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Friday, January 30, 2009

The Obamas stand up to marketing to children

Check out this editorial by Susan Linn from the latest CCFC (Campaign for Commercial Free Childhood) newsletter, called Protecting the First Daughters (and Other Kids, Too).

When the Ty Company celebrated Barack Obama's inauguration by exploiting his daughters, the First Parents were understandably outraged. The company launched two new African American dolls named "Sweet Sasha" and "Marvelous Malia," laughably denying that they had any connection to the real Obama children. Michele Obama issued a powerful statement about the dolls saying, "We believe it is inappropriate to use young, private citizens for marketing purposes."

The Obama's laudable effort to protect their girls from commercial exploitation is going to be an uphill struggle. They were already publicly urged to appear on the hit Disney show, Hannah Montana. The press refers to them as "first tweens," a marketing demographic dumping ground for children ranging in age from 6 to 14-and the Washington Post has called them "fashion icons."

Before his inauguration, President Obama wrote a public letter to his daughters sharing his hopes for them and, by extension, his hopes for all of the children in America. President Obama clearly sees his daughters as individuals, but can also see "every child" in them. I'm hoping this is one of those times.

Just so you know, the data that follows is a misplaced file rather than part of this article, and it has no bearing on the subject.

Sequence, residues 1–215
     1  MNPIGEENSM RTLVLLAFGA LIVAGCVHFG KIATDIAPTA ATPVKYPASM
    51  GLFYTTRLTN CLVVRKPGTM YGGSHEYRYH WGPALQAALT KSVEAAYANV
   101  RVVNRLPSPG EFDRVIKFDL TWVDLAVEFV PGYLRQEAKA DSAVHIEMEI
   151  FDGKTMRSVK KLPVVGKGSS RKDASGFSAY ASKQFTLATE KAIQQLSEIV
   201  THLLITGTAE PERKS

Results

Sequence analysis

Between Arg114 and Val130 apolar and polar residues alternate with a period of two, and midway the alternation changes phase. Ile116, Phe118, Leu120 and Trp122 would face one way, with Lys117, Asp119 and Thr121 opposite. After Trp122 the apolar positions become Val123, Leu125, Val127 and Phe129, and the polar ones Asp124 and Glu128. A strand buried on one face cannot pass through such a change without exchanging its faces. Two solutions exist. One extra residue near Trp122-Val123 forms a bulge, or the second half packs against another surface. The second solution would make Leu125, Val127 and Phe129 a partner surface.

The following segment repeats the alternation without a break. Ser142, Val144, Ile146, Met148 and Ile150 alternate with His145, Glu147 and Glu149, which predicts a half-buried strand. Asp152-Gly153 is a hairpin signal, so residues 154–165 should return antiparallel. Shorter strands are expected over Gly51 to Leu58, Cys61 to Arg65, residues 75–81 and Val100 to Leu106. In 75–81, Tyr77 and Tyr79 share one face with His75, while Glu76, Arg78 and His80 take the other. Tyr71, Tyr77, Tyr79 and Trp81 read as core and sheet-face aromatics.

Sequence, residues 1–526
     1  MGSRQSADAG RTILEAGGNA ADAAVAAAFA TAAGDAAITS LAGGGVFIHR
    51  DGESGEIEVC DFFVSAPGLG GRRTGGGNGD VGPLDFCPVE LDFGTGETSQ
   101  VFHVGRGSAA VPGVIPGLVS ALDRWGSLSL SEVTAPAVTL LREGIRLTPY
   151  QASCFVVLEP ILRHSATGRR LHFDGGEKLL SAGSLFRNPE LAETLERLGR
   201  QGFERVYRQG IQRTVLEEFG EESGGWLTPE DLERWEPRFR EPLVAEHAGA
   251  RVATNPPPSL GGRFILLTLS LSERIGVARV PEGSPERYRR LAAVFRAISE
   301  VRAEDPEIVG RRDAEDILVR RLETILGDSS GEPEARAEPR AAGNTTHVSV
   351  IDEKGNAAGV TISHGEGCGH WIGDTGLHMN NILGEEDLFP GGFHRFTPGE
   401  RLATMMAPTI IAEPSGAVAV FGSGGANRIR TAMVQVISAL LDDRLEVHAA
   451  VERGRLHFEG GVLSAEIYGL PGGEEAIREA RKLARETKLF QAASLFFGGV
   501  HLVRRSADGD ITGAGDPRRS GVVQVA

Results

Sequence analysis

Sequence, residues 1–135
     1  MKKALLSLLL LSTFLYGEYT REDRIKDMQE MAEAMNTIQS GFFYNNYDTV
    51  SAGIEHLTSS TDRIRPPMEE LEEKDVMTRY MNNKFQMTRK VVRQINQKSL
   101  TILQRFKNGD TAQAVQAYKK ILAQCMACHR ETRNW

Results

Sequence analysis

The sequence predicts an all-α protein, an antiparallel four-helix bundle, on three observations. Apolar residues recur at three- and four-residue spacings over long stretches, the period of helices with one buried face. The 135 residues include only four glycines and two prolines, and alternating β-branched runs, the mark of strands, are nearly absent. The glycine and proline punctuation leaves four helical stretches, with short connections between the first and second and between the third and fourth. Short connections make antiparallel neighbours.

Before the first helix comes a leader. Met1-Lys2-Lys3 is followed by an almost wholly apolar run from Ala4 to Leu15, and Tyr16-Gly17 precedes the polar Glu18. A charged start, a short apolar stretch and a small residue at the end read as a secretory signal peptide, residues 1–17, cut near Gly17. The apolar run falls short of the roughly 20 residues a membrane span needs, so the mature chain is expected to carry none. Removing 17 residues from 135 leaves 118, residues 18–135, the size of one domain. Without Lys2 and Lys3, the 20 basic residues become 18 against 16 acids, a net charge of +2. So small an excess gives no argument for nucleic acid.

While the form of their exploitation might be unique, the Obama girls are not alone. Corporate America routinely uses young private citizens for marketing purposes. They might not be turned into dolls, but they are exploited as research tools and as a vast, unpaid sales force. Companies like The Girls Intelligence Agency exploit children's friendships by conducting market research during pajama parties. Nickelodeon and Toys R Us, among others, have conducted market research in elementary schools. In the name of Internet safety, market research firms track children's online activities for their corporate clients. Popular social networking websites like Webkinz and routinely encourage young users to reel in their friends through viral marketing.

What differentiates the Obamas from other parents struggling to protect their children is that the President actually has the power to take on Corporate America. As a first step, he could call on Congress to reauthorize the Federal Trade Commission's capacity to regulate commercial access to children, and repair the damage done when it was stripped of much of its power at the dawn of the Reagan era. As his administration reclaims the right of government to set limits on the market, I hope he remembers his children-and other people's children as well.

I would just like to add that these dolls were created by Ty, the same company that makes the Ty Girlz Dolls that I blogged about last year...'nuff said.

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